In these “Interesting Times,” there has been one thing that my dining partner and I have noticed when dining out. It appears that there is a general decline in people displaying civility and good manners in public, especially so in restaurants.

Recently, I commented on this to my dining partner while watching (and listening to) a diner at the next table loudly berate his server (and embarrass his tablemates) on how long his food order was taking.

My dining partner told me not to worry. She said that, for some folks, being isolated by the “Interesting Times” had made them forget how to be sociable with others.

Well, there is a restaurant that is still able to provide good, old-fashioned hospitality, even to those whose social graces have gotten flabby from lack of use. A place where the simple art of making customers feel welcome is not a lost art.

Harbor House is located on the corner of Springbrook Drive and North Roan Street in Johnson City. In business since 1991, Harbor House specializes in American cuisine, primarily seafood and steaks. There is a hostess station as you enter, along with a cashier and take-out counter to the right. Harbor House’s décor is nautically themed through three dining rooms and a spacious glassed-in porch. Restrooms are centrally located. Dine-in service at Harbor House is friendly, professional and follows social distancing guidelines at all times.

Po’ Boy combo sandwich

We had the pleasure of sampling Harbor House hospitality one Friday evening, when my dining partner announced that she was “in the mood for seafood.” Upon arrival, we were greeted by Caleb, who, properly masked and gloved, conducted us to our table. Once there, Caleb introduced us to Kyrel, our server (also masked and gloved) who made us comfortable, efficiently took our drinks orders and answered our questions about the menu. I was immediately attracted to the menu’s Po’ Boy sandwich section, pondering a choice between a Harbor House’s Po’ Boy sandwich made with fried shrimp, and one made with fried oysters. Kyrel had the solution, suggesting that I order the Po’ Boy combo sandwich, containing both fried shrimp and fried oysters ($11.99). Instead of my usual French fries, Kyrel suggested a baked potato and coleslaw as my side orders, making my Po’ Boy Combo sandwich sound even better. Inside of fifteen minutes, Kyrel was back at our table serving me a properly-baked Idaho spud and a ramekin of cool, creamy coleslaw alongside a Po’ Boy combo sandwich just loaded with fried shrimp, fried oysters, lettuce, tomato and some strips of excellent smoked bacon on a toasted French baguette. Between bites, I extracted a fried oyster for my dining partner to enjoy. She said it was almost as good as her Mamaw’s. High praise indeed.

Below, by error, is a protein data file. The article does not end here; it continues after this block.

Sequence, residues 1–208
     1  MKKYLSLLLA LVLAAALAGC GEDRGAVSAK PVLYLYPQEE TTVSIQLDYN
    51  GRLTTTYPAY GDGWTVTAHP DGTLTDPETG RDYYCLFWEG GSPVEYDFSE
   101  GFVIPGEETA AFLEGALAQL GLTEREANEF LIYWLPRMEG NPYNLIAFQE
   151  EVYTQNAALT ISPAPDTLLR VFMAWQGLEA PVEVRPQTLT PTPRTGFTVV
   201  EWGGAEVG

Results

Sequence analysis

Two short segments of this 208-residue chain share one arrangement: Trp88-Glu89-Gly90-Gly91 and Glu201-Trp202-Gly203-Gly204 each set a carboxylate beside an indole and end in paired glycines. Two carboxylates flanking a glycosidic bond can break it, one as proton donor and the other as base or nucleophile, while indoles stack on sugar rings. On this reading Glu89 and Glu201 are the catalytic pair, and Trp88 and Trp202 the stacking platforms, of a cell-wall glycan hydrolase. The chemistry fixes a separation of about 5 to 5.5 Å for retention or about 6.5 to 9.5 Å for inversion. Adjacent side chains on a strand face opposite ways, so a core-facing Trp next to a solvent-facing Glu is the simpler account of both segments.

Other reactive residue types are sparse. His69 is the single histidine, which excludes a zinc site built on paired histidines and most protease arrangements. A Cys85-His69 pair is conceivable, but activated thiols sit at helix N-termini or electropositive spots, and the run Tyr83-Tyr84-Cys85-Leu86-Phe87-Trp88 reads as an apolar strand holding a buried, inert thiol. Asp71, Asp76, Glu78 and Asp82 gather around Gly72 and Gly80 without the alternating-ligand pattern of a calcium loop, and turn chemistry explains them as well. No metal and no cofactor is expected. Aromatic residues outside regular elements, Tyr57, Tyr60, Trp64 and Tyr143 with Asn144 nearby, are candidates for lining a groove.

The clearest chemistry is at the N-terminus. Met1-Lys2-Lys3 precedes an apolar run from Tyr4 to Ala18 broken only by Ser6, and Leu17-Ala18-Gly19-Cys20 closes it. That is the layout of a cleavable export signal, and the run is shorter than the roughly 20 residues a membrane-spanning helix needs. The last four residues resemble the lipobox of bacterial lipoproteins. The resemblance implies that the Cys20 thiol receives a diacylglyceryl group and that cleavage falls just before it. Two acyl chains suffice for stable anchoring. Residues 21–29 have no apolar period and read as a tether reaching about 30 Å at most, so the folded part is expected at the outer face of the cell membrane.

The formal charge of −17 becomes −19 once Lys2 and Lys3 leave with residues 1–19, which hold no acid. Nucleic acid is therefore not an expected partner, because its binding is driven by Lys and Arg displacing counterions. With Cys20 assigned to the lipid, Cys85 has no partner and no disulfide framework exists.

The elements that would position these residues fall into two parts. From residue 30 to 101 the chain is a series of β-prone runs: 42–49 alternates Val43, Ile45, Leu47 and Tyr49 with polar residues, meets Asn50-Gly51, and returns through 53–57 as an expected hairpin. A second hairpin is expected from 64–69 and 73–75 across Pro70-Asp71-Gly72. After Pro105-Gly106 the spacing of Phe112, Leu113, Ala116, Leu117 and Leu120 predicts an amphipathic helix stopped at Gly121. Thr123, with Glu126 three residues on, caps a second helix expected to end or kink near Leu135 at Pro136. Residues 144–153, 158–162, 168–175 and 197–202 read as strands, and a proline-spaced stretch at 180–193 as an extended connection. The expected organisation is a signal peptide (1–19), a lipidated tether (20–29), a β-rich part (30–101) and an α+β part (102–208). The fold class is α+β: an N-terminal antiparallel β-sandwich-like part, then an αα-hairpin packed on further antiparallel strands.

2 pieces of fried flounder with popcorn shrimp

My dining partner’s choice for her supper was a Harbor House Combo Special platter, ($12.99) of two pieces of fried flounder matched with a sizable quantity of fried popcorn shrimp, and a baked potato rather than her usual French fries. I had just finished prepping my own baked potato when Kyrel showed up with my dining partner’s order of fried flounder and shrimp. Each piece of flounder was of a good size, well breaded and fried until the breading was crispy outside, and the flounder was steamy, tender and tasty inside. As for her popcorn shrimp, they were prepared calabash style, being dredged through a light breading of cornmeal instead the usual unbleached flour and then deep-fried in very hot oil. My dining partner’s baked potato was quite good as well when dressed in butter and sour cream.

How to be hospitable

Throughout our meal, our server Kyrel was that most excellent of type of server: one that has learned how to be hospitable. Responsible for six customer-filled tables in his section of the dining room that, were social distancing not in play would have been 12 tables, Kyrel saw to his each of his guests with quiet, friendly hospitality. As he would be serving food to another table, he always kept an eye on the one my dining partner and I were at: checking for drink refills, additional napkins, extra lemon slices or cocktail sauce. Needed items were accompanied by a smile and a query on how we were enjoying our meal. All this while seating a table of senior citizens and assisting a young mother and father with two toddlers loudly demonstrating classic “Terrible Two’s” behavior. Through it all, Kyrel kept his cool, his humor and his hospitable attitude in play like the true professional he was. As we were leaving, I asked our host Caleb how long Kyrel had been with Harbor House.

“Thirteen years,” said Caleb proudly, “Kyrel is one of our best.”

And how.